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  • Abject Afrikaner, Iconoclast Trekker: Peter Van Heerden’s Performance Interventions within the Laagers of White Masculinity
  • Megan Lewis (bio)

“Rough work, iconoclasm, but the only way to get at truth.”

—Oliver Wendell Holmes

Beeldestormer. (noun; Afrikaans). An iconoclast, literally image breaker, someone who attacks cherished ideas or traditional institutions.1

Crucifying Privilege

The words “Wit Kaffir” (“White Kaffir”) are scribbled in black ink across a middle-aged white man’s chest. He is blindfolded and strapped to a cruciform scaffold in the blazing African sun. It is Good Friday, 2008, the first day of South Africa’s annual Afrikaans-language2 Klein Karoo Nasionale Kunstefees (KKNK)3 in the dusty ostrich town of Oudtshoorn, in the Western Cape. The man is Cape Town-based performance artist Peter Van Heerden, and this crucifixion scene is part of his nine-day installation called Totanderkuntuit, which translates literally as “Through-the-other-cunt-out.”4 Van Heerden claims that it is only through “the abjection of white masculinity, that a new practise can be celebrated.” The process of holding up whiteness for exploration “is not in praise of its hegemony,” he says, “but rather as a condition for sacrifice. . . . This ritual sacrifice of whiteness must become a feast and celebration, to enable the formulation of a new non-racialised practice.”5 Literally and figuratively stringing up the Afrikaner male, Van Heerden is, I argue, engaged in acts of volksveraad, or “race betrayal,” that reveal the symbolic and material privilege through which white men have dominated Southern Africa since the seventeenth century. As a beeldestormer, or “iconoclast,” he not only reveals, but also explodes, familiar images of Afrikanerdom in order to reconfigure the ways in which white South Africans can participate as citizens in this young democracy. In the following pages, I will trace Van Heerden’s performance strategy of attracting audiences and then refracting what they encounter, as well as his use of iconoclasm, word play, strategic blasphemy, and physical abjection in his 2008 [End Page 7] performance installation, Totanderkuntuit. I will situate his performance within a larger genealogy of Afrikaner self-presentation. Van Heerden operates within the notion of the laager (the circle of wagons used by Dutch pioneers or voortrekkers during colonization) and works through notions of shame and betrayal that permeate much of Afrikaner culture. Through my position as an insider/outsider, I will examine his challenges to audiences to rethink their own positions in relation to South African history and Afrikaner identity and his interrogation of Afrikaner male whiteness.6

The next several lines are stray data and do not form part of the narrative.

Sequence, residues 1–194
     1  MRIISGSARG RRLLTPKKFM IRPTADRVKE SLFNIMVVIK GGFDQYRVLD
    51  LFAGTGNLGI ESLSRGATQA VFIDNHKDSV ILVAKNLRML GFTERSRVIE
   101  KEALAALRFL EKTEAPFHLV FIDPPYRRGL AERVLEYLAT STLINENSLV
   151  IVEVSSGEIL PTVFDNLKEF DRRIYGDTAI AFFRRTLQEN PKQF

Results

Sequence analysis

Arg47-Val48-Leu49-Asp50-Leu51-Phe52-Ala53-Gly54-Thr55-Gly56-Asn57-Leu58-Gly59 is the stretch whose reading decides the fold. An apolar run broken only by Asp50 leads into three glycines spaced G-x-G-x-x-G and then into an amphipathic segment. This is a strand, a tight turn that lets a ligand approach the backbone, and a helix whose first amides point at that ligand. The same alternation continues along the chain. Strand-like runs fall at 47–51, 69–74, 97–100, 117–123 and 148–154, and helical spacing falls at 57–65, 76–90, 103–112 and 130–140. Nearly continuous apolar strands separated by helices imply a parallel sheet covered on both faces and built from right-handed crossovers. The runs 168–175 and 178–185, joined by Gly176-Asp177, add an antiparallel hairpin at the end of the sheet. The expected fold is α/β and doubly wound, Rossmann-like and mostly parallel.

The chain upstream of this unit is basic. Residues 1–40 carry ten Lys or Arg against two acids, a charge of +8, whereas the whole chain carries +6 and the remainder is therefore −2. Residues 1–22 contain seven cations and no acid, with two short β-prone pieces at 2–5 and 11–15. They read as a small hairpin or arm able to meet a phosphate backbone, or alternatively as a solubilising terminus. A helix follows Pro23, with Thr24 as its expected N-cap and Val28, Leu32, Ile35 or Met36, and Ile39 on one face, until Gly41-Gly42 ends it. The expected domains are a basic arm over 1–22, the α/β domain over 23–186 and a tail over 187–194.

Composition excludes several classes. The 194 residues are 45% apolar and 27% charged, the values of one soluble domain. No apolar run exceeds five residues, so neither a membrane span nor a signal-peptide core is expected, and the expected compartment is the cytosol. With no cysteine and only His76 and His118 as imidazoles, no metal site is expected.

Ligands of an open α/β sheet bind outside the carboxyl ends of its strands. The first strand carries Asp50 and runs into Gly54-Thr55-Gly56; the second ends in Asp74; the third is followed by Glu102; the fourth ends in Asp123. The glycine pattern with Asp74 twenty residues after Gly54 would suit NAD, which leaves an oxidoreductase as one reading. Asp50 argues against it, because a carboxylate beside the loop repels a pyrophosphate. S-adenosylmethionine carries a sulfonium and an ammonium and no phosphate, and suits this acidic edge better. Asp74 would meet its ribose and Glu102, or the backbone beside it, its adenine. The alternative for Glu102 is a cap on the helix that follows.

Performance Genealogy/Re-Orienting Whiteness

In their recent contribution to the field of whiteness studies, historians Leigh Boucher, Jane Carey, and Katherine Ellinghaus advocate for a re-orienting of the discourse on whiteness by historicizing whiteness as a colonial formation, and by expanding its scope beyond its US-centered focus and into a transnational field of power that includes settler colonies of the British Empire, particularly in the Pacific Rim.7 Theirs is a vital intervention that examines whiteness, which they describe as the “sovereign—if sometimes silent—social, legal, cultural, and experiential category that the very idea of race essentially functions to privilege.”8 But starkly absent from their collection of essays connecting whiteness and settler colonialism is the most obvious case study of systemized racial power in a settler colony: South Africa. This essay is an attempt to fill that gap by unpacking an important enactment of whiteness—namely, Van Heerden’s Totanderkuntuit—that resides in a genealogy of performance by Afrikaners, the settler population of white Europeans who have been staging themselves into and around power since they first settled the Cape of Good Hope at the tip of Africa in 1652. My larger engagement with Afrikaner performance addresses the manners in which this nation, or volk (literally: “people”), stage their public identity over time—before, during, and after apartheid—and how the volk constantly negotiates its identity through reiterative enactments of race (whiteness) and gender (masculinity).

For example, several Afrikaner performances that I would describe as looking backward to history in reactionary gestures immediately come to mind. The first was the formation of the apartheid state between 1938–1949 through a series of public pageants...


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